Chances of a recession in the US escalated after Citigroup and Merrill Lynch reported massive losses and equally staggering writedowns related to the housing sector meltdown and stressed credit markets. The two Wall Street giant also received fresh cash infusion from global investors. Citigroup also slashed its dividend and announced plans to lay off employees. Both Citigroup and Merrill Lynch CEOs called the results clearly unacceptable, and vowed to lift the companies out of the current dire situation.

Quarterly net profit at JPMorgan Chase fell by 34% compared with a year ago, and it announced subprime-related write-downs totaling US$1.3bn. Washington Mutual reported its first quarterly loss since 1997 after writing down the value of its home mortgage unit and setting aside US$1.5bn to cover bad loans. Wells Fargo reported fourth-quarter net income fell 38%, and said it was bracing for a consumer slowdown in 2008. Ambac Financial and MBIA, the two biggest US bond insurers, slid on concern that their AAA credit ratings will be revoked.

Housing starts and building permits both fell to new multi-year lows in December. Construction on new homes fell 14% in December to a seasonally adjusted annual rate of 1.01mn, the slowest building pace in more than 16 years, the Commerce Department reported. Building permits, a sign of future construction, declined by the most in 12 years, suggesting that the housing slump will deepen as it enters a third year. There were a record 193,000 completed new homes on the market for sale at the end of November, and builders were typically facing a 6.2 month wait to sell homes after they are completed.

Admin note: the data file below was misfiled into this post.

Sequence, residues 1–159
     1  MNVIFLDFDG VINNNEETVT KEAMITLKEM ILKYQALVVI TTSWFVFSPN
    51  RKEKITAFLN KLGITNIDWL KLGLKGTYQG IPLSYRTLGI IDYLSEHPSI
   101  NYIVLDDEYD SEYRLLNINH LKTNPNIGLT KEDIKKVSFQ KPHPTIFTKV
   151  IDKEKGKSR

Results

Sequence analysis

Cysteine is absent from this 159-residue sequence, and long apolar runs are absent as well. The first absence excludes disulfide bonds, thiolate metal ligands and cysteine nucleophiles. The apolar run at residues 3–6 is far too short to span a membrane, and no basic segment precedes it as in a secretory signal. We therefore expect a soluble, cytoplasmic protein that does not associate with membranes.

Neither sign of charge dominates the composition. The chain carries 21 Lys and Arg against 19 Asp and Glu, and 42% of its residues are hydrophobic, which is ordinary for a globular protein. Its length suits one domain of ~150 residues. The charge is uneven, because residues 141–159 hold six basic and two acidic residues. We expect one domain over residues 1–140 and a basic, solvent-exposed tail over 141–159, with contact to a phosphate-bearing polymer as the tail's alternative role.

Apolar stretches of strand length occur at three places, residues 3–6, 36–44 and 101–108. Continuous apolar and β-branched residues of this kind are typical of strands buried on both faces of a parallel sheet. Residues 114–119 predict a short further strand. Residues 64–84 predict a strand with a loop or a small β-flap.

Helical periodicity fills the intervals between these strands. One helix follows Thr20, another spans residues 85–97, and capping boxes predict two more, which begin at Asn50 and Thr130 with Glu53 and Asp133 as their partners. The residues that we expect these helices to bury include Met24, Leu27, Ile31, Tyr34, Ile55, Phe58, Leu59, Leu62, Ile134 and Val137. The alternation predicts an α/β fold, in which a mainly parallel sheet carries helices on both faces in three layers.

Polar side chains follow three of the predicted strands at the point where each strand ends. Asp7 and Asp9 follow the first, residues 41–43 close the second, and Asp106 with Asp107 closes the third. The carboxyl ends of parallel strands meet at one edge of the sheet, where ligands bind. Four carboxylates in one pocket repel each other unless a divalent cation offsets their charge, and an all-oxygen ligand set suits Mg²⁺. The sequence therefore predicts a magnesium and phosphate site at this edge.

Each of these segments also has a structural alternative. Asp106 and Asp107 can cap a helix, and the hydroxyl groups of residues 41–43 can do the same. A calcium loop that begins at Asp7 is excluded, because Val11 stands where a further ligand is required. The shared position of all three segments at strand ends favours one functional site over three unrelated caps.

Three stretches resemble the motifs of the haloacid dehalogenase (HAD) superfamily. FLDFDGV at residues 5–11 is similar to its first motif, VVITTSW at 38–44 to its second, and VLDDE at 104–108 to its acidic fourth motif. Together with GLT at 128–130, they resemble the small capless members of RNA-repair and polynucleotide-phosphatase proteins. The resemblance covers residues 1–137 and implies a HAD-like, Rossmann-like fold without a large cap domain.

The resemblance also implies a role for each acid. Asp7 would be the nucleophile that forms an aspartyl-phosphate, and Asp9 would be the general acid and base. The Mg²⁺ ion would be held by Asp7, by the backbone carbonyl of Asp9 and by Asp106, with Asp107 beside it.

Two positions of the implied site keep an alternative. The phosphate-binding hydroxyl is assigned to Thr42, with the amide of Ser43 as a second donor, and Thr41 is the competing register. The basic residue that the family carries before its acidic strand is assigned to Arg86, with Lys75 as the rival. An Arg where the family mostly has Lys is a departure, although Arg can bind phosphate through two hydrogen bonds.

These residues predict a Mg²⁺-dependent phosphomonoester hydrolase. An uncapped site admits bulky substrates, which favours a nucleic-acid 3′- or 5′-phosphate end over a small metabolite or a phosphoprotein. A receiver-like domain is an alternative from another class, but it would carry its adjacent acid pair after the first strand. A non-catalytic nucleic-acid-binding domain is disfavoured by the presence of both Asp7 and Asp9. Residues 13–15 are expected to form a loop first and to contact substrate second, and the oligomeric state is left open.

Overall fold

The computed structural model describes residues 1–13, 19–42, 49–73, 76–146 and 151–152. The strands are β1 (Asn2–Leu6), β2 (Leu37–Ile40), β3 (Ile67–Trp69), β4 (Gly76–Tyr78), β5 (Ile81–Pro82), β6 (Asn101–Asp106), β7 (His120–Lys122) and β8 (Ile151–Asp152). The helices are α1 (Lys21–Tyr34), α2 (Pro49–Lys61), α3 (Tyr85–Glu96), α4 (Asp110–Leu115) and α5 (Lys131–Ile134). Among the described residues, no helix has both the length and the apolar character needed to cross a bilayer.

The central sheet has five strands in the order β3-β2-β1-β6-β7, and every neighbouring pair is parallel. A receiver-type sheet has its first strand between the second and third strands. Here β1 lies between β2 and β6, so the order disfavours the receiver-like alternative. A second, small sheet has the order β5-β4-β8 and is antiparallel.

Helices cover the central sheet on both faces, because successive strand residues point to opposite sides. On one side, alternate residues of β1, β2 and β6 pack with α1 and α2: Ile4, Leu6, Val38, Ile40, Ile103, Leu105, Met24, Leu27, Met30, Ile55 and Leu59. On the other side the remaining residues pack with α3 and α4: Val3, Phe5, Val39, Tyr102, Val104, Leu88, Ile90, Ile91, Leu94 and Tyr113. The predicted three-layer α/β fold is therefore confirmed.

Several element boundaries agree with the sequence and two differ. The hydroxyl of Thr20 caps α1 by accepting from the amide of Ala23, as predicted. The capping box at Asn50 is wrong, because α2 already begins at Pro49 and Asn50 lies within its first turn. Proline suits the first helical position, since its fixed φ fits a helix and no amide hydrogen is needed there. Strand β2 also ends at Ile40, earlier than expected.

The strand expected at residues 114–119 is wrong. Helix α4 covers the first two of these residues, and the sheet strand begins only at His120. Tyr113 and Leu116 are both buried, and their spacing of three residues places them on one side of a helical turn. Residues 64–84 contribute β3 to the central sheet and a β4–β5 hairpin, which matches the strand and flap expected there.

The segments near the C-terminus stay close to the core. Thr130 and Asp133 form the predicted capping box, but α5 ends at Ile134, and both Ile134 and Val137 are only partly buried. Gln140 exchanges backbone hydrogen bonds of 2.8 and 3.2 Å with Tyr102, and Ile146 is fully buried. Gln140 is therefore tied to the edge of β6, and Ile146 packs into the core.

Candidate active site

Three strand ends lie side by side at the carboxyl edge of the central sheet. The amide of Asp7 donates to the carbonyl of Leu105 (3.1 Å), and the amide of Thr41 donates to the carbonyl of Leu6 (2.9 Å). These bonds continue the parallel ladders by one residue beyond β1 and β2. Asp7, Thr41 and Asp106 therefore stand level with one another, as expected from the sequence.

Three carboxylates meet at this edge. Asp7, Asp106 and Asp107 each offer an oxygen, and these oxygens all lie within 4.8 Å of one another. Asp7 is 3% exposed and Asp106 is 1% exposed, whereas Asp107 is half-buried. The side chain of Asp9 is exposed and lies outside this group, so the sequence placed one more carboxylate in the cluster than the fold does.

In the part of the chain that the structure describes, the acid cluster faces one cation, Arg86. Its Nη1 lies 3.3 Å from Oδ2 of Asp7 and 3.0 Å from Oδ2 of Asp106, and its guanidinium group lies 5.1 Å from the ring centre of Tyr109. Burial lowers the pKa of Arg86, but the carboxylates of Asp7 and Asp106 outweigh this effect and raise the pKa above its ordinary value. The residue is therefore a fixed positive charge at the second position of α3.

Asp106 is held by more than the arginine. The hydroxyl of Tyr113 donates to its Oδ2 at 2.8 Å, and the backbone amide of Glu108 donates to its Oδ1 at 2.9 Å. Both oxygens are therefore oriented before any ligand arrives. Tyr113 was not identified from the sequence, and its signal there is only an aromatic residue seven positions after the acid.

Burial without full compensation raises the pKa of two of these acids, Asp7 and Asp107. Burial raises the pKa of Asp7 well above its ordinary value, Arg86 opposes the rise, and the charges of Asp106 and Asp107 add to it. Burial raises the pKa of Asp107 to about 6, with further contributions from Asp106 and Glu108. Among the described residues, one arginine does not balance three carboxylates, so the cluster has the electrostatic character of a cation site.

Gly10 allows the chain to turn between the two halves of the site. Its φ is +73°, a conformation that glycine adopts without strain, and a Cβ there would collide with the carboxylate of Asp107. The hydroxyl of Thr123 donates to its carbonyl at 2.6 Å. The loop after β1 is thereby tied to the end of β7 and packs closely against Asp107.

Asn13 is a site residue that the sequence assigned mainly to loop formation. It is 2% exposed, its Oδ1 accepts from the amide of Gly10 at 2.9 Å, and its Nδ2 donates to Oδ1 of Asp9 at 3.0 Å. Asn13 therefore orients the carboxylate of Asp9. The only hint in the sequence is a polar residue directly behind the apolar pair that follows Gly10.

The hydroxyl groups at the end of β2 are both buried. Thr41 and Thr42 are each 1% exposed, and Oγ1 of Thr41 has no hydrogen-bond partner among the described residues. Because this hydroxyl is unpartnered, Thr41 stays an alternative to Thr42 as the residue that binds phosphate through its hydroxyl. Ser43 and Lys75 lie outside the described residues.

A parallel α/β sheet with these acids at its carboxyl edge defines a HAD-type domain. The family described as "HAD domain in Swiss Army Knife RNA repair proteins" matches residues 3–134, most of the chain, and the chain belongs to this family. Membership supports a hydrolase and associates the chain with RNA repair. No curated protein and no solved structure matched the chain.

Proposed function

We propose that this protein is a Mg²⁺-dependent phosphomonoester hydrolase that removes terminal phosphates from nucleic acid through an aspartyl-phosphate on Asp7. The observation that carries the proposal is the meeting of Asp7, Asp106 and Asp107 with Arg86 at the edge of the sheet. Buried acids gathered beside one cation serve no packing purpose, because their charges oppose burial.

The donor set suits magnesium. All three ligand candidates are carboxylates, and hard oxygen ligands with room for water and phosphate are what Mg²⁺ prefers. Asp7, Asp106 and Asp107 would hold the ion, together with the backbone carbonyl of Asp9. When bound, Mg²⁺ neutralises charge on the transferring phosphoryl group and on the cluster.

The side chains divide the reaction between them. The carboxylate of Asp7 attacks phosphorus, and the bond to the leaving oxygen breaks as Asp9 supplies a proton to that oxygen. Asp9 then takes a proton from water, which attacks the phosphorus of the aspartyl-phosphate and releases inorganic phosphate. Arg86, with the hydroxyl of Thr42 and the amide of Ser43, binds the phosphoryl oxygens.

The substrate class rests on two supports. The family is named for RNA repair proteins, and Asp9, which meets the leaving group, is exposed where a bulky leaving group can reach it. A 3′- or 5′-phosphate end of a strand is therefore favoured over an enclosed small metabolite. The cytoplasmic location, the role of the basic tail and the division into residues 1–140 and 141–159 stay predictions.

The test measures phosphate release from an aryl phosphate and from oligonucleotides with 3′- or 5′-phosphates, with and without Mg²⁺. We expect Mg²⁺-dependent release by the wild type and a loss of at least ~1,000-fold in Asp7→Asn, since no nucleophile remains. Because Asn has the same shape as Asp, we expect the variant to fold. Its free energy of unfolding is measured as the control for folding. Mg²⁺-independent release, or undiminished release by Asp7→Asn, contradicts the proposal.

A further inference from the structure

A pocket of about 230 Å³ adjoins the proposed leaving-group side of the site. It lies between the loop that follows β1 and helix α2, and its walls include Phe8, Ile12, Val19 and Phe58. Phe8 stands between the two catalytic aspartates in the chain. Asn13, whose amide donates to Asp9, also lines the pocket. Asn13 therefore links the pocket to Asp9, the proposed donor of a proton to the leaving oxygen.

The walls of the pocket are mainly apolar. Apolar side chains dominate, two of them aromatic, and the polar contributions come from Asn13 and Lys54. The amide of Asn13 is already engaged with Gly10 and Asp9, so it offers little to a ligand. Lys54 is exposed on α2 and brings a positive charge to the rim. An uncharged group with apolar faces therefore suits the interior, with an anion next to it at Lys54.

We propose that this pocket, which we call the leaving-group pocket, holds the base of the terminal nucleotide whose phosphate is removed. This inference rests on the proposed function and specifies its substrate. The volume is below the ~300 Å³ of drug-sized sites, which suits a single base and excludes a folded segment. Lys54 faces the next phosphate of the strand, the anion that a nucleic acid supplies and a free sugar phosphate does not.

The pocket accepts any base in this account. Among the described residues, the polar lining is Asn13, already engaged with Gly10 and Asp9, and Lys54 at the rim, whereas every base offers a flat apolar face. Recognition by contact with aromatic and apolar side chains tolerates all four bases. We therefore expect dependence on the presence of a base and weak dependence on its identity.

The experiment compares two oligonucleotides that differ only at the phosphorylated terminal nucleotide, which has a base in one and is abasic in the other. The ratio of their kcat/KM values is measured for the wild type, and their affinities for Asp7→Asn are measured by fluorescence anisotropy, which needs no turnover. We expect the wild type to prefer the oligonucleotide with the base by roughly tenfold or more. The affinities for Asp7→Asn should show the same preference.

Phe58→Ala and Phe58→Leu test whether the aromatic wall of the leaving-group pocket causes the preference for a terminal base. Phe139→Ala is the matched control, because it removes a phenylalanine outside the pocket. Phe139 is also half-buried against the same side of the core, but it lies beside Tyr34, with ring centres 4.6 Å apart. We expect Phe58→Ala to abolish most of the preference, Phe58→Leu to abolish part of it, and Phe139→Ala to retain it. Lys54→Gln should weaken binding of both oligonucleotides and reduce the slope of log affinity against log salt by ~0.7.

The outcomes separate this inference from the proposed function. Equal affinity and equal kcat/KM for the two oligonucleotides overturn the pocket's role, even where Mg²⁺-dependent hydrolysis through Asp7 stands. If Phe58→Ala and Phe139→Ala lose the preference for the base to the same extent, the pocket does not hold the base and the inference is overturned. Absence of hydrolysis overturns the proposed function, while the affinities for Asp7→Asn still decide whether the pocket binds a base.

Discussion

As the pall of gloom over Wall Street darkened, Federal Reserve Chairman Ben Bernanke, President George W. Bush and top congressional leaders called for an immediate fiscal stimulus package to prevent the world's biggest economy from slipping into a recession. Bush held a conference call with Democratic and Republican lawmakers and discussed the broad contours of what he would like to see in a stimulus plan. Bush said he favors personal income tax rebates, tax breaks for businesses and extensions of unemployment insurance. Meanwhile, Fed chief Bernanke told a congressional committee he supported the idea of a short-term fiscal stimulus measure. A proposal in the range of US$100-150bn would help, Bernanke said, adding it was critically important that any legislation be designed to kick in quickly.